Why I look forward to living in a tolerant free society
A word which has become so commonplace in western society that if the Oxford English Dictionary were listed in order of ubiquity it would appear near the beginning. It is viewed as something good, worthy, virtuous even – the hallmark of a progressive society. There is an air of self-congratulation about it because we have managed to suppress something we instinctively feel, in order to promote an outer acceptance. Politicians and other leaders announce that we live in a tolerant society as if we have arrived at some kind of cultural ideal.
But is it really this simple? To feel tolerant of something you first have to perceive it as different from you in some shape or form, most often the opinion or behaviour of another individual or group. The term has become synonymous with accepting people from other countries and cultures into the place in which we live and work. But the very act of tolerating keeps us separate from those we wish to integrate with. If you feel the need to tolerate, then you are still experiencing a difference from yourself which you feel some discomfort about. It suggests an element of effort, a ‘putting up with’ for the benefit of the greater good.
Perhaps this doesn’t matter if it enables people to live together in a friendly and cordial manner. However, the wall of tolerance often serves only to restrain the frustration at having to accept that which our instincts tell us to be wary of. Under pressure from external stress such as unemployment or lack of resources, these repressed feelings break forth in the form of blame or anger directed at those we previously accepted. From early humans to modern man instinct has provided a warning to be cautious of strangers and tolerance is merely a sticking plaster covering this innate response and does little to negate it completely.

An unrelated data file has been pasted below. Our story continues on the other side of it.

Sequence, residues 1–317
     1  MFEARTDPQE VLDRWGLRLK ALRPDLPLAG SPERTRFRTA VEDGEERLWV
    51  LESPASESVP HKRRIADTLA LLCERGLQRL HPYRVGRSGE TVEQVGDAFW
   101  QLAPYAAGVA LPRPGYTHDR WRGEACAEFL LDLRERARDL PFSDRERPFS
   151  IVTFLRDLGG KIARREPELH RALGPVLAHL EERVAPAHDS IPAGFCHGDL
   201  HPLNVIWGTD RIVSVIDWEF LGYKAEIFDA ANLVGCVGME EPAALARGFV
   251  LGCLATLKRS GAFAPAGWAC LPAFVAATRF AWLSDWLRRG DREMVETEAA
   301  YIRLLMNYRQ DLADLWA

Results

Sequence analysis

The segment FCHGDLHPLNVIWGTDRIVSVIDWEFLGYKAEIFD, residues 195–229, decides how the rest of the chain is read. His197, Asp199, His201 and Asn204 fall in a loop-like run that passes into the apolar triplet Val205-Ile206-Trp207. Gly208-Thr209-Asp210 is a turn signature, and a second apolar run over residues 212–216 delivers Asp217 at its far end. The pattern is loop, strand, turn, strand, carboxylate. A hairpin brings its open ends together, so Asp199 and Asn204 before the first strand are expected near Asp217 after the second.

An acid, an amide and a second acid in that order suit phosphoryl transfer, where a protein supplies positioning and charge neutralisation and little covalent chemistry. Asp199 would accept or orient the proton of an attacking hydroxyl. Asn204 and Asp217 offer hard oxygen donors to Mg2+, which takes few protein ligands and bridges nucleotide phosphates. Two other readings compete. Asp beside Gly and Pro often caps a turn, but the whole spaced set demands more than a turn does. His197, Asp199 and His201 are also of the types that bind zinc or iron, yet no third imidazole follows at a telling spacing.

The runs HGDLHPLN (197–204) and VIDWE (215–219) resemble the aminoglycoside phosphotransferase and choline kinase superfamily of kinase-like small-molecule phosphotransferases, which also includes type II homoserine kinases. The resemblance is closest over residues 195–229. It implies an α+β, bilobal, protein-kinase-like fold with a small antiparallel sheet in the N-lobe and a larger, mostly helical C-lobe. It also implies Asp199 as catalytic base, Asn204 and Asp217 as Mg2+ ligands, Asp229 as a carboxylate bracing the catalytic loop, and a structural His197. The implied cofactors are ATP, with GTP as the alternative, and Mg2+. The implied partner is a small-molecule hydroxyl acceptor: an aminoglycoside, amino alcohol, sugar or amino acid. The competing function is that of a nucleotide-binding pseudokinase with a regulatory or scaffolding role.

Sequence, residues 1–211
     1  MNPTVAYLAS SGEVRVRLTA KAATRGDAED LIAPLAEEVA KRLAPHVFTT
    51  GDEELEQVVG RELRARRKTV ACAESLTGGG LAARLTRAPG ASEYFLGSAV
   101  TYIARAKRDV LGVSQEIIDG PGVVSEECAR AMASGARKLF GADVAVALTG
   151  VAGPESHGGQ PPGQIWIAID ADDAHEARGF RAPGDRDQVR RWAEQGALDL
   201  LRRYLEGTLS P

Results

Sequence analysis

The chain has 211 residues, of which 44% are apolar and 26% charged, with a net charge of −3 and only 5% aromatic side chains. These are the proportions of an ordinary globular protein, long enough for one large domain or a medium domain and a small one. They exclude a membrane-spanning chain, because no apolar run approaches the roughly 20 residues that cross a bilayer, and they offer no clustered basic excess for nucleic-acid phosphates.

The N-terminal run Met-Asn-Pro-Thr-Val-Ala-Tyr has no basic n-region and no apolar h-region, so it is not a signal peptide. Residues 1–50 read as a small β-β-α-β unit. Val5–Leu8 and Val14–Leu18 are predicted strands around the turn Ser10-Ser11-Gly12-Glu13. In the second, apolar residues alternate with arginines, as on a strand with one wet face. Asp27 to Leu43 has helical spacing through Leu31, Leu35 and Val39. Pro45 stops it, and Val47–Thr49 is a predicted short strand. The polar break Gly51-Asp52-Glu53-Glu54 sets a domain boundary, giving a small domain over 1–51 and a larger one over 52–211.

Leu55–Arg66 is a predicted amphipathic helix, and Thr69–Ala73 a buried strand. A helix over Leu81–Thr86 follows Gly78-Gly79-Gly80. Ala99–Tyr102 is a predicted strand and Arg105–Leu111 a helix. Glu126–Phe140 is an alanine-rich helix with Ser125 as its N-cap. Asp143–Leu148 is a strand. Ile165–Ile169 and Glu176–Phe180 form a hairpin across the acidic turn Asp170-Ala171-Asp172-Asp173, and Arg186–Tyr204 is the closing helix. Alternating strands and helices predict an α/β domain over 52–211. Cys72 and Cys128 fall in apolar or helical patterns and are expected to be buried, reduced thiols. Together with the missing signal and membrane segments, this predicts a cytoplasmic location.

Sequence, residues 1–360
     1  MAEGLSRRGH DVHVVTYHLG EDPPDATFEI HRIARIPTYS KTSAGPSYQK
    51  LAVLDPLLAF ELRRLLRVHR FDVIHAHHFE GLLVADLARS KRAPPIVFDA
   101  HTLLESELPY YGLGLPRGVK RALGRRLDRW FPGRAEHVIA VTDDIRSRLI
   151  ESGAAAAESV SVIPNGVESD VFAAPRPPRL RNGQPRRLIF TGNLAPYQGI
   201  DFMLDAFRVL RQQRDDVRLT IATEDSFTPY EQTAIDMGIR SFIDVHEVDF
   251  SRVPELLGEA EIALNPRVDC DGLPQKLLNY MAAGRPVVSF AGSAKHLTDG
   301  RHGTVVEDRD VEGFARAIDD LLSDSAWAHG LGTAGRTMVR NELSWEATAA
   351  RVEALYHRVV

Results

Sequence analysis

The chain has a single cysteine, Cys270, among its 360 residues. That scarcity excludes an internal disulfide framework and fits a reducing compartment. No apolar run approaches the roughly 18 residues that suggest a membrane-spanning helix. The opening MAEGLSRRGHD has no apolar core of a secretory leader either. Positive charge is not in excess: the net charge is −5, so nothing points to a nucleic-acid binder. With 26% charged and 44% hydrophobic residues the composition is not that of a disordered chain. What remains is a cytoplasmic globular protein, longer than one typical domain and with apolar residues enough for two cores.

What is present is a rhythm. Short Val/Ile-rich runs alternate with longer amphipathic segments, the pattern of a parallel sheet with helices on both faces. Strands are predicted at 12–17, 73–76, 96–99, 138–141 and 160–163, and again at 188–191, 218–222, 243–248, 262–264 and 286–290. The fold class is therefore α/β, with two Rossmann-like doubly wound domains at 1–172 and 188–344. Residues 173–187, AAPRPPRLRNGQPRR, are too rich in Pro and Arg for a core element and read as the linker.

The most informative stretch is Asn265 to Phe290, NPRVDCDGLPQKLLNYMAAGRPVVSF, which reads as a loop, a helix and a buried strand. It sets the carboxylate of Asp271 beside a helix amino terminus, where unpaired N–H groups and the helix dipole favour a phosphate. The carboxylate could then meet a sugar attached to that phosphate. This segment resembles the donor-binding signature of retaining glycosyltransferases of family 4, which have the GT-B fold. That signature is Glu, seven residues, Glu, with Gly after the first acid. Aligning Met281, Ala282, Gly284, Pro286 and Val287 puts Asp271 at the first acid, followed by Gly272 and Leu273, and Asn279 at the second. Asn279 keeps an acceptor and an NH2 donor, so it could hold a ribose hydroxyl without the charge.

But overcome it we can, as living alongside those from other parts of the globe becomes the norm and over time differences will cease to both us, there will be no tolerance required, no pre-judgement or labelling as to who is friend and who is foe. Historically migration took centuries, the mixing of cultures happened slowly with integration following initial resistance. My own DNA can be traced back centuries to the North Caucasus region on my maternal side and Germanic roots on my father’s. At the time of testing in 2009 the closest match on record to my genetic profile was that of a Turkish individual and an Iranian. It’s not so much that we will end up in one homogenous melting pot but rather than eyed with suspicion, our differences will be embraced.
Already the 21st century has seen a rapid increase in relocation but our instincts, slow to change their habitual response, have yet to catch up. One day the word ‘tolerant’ maybe obsolete and dropped entirely from the Oxford English Dictionary . . . only then will we live in a truly free society.